Cover image for Lilies
McGeorge, Pamela, 1943-
Personal Author:
Publication Information:
Toronto : Firefly Books, [2004]

Physical Description:
96 pages : color illustrations ; 26 cm
General Note:
Includes index.
Subject Term:

Format :


Call Number
Material Type
Home Location
Item Holds
SB413.L7 M382 2004 Adult Non-Fiction Non-Fiction Area

On Order



Beautiful, easy-to-grow cultivars.

For centuries, adventurous botanists risked their lives to gather exquisite specimens from remote, perilous locations. Fortunes were spent shipping the lilies back to royalty and collectors who treasured them. Lilies gained a reputation with gardeners for being difficult plants: fussy, sulky, prone to a lingering death. This characterization, thankfully, is coming to an end.

Today, new hybrids make growing lilies easier than ever. Advances in hybridization over the past 50 years have revolutionized how gardeners grow lilies. These new hybrids -- many created right here in North America -- are greatly improved in health, beauty and stamina.

Lilies introduces gardeners to these new cultivars that have captured the hearts and imagination of gardeners worldwide. The enormous diversity of these lily varieties is described in detail. The dazzling color photographs of lilies in full bloom help gardeners first to choose and then raise the cultivars best suited to their garden and climate.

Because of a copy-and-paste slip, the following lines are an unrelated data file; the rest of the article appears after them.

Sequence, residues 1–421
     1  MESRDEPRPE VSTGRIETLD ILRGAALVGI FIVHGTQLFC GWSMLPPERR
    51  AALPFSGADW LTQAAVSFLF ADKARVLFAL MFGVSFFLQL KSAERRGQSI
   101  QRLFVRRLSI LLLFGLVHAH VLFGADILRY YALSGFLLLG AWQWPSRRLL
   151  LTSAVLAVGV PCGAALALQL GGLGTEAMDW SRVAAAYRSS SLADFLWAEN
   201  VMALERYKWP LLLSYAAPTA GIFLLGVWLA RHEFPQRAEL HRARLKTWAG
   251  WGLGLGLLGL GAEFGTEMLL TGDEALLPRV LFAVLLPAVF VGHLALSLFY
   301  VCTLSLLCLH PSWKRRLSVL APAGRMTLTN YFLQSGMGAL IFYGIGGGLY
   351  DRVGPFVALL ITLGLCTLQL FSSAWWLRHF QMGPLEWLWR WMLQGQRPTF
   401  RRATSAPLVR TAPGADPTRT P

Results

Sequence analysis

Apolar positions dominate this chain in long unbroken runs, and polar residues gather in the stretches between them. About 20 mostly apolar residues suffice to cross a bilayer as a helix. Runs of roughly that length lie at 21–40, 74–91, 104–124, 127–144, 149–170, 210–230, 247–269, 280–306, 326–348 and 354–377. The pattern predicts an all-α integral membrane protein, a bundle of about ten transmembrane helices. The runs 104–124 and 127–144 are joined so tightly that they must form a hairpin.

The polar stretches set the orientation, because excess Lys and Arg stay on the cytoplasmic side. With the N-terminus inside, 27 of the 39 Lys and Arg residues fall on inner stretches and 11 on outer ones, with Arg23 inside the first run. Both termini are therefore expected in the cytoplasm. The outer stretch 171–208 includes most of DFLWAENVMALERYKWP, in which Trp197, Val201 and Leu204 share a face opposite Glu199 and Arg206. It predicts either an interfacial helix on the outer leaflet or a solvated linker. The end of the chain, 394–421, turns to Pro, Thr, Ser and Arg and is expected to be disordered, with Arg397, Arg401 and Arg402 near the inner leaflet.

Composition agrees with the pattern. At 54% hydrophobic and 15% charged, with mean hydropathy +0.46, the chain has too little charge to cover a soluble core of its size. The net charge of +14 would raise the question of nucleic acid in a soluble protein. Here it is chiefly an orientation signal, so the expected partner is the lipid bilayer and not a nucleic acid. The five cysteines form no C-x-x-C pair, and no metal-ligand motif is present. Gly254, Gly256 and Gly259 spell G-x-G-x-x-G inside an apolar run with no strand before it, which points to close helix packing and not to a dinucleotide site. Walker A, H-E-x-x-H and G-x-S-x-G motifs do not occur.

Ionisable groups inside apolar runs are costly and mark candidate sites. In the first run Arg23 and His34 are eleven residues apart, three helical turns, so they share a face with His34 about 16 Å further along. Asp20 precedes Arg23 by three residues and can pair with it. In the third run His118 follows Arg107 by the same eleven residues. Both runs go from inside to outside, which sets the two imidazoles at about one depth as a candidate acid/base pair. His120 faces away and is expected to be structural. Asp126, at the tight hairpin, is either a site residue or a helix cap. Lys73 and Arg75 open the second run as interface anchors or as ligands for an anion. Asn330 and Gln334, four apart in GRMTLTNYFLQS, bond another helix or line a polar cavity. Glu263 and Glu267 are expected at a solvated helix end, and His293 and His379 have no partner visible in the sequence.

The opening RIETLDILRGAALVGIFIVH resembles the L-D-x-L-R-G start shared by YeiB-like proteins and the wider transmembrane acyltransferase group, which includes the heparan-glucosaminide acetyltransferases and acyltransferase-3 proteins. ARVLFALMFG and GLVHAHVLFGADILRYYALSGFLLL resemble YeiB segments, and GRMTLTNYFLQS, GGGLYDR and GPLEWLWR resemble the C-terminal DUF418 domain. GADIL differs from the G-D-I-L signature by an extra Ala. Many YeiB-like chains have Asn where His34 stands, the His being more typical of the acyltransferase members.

This book features:

The lily's storied history that predates the pharaohs An extensive directory of lilies, complete with detailed growing instructions Instructions for growing lilies in cold climates Suggestions for dealing with bugs and pests A propagation guide

Gardeners love lilies but are often hesitant about growing them. This book makes cultivating lilies easy.

Author Notes

Pamela McGeorge is a writer, consultant, critic and tutor.

Russell McGeorge has been a full-time photographer for five years specializing in garden photography and landscapes.

Reviews 1

Booklist Review

In Lilies0 , the McGeorges efficiently demystify the diversity and celebrate the adaptability of the various hybrids that help make the genus Lilium so popular with both florists and gardeners. --Carol Haggas Copyright 2004 Booklist